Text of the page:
Working on the edge

16 Jan

On reflection, my first couple of weeks working were some of my toughest, I didn’t have a clue what I was doing (my fault, I put myself in this position), and anyone that has worked in a fast paced kitchen/dining environment will tell you it is not a learning environment. Everyone is busy, everyone is stressed and things need to get done, now! For example, “Mark, get me 2 decaf coffees”, my first thought, where do I get decaf coffee from, second, how do I make it?. In the rushed environment I was quickly shown where it was and told to pop the decaf cartridge in this slot and hit the switch – simple………..ummmm no. Two important pieces of information left out, you have to check if the machine is full of water and secondly, the switch I just turned on and then rushed away to get a saucer, well that switch doesn’t automatically switch off! J

Our work environment is a “don’t make a mistake” environment. Anyone that has started a new job knows that one thing is guaranteed, you are going to make mistakes, it’s only human to make mistakes – sometimes I think I’m more human than most. So when you are about to serve a table and your hands are filled with hot plates, your head is full of all the information you’re trying to take in, eg seat positions, who ordered what, what side to serve from, names of guests, do I need additional plates to serve this course etc, and as you’re heading to the table your told “don’t make a mistake”, it does not help. A friendly “you’re doing a good job, just remember to……” would go down a lot better.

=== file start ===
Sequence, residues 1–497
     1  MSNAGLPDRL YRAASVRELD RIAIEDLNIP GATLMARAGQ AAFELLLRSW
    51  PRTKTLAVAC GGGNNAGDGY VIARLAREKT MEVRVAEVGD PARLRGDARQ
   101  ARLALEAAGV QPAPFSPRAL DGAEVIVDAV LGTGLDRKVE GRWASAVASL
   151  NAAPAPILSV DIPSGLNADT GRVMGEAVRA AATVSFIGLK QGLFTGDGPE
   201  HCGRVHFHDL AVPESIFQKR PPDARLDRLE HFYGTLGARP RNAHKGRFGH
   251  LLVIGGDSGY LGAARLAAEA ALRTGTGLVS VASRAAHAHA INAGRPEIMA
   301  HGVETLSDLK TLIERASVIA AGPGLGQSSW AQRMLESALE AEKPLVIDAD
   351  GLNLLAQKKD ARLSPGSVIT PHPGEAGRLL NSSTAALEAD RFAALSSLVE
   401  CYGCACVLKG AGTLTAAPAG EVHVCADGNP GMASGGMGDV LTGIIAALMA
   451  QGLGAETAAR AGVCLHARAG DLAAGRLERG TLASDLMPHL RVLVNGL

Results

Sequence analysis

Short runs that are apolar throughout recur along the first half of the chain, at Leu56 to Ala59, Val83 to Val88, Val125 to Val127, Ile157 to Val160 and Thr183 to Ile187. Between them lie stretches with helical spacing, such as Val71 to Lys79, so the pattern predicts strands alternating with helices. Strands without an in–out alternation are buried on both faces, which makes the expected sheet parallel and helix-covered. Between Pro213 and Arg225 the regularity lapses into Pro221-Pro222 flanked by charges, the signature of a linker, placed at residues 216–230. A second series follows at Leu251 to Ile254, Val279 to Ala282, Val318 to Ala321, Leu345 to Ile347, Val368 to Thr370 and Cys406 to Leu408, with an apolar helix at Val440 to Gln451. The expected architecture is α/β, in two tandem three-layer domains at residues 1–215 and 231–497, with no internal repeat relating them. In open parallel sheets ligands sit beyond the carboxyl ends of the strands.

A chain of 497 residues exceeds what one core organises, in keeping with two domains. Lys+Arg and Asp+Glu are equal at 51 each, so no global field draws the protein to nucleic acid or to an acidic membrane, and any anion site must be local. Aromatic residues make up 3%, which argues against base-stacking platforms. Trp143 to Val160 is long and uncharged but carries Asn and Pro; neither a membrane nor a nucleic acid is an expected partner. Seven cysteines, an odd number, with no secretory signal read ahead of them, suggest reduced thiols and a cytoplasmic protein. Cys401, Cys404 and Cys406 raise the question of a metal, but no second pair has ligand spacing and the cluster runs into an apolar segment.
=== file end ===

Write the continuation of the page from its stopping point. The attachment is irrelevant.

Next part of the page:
Constantly you are being told to hurry up. I’ve learnt there is nothing more annoying than being told to go faster when you are already going as fast as you can. I can see it in me, as soon as someone compliments me “you’re doing a good job” you work faster and are happier and want to continue to please. When someone points out all the things you are doing wrong (and when you start a job there is no shortage of the things you are doing wrong) and telling you to hurry up, the only thing you want to do is find the nearest blunt object and inflict pain on them.

Oh, and if you’re going to tell someone to hurry up or complain about having to check out late, please don’t say it sitting down doing nothing. It’s a lot more effective is you say while pitching in and giving a hand.

If there are any managers out there, or if you work in a team environment, go and compliment your employees or co-workers right now, as you probably know it works wonders. And if you have a waste of skin working for you, still try it, try the good old sandwich technique, open with a compliment, then say in a nice way that the person is a waste of skin and needs to improve this this and this and then close with a compliment.

OK, that wraps up my Human Resources class on the work environment for today, please join me tomorrow for our class on workplace hierarchies. Class dismissed, haha looks like my I’m finally putting my $30,000 Human Resource Management piece of paper to use! Who do I think I am, some kind of HR expert or something! Happy working folks.

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One Response to “Working on the edge”

  1. Geoff January 18, 2010 at 4:32 am #

    Well Hap
    I think you have just passed Human Resources 101 from the greatest university of all, The University of Life!
    Cheerz
    G

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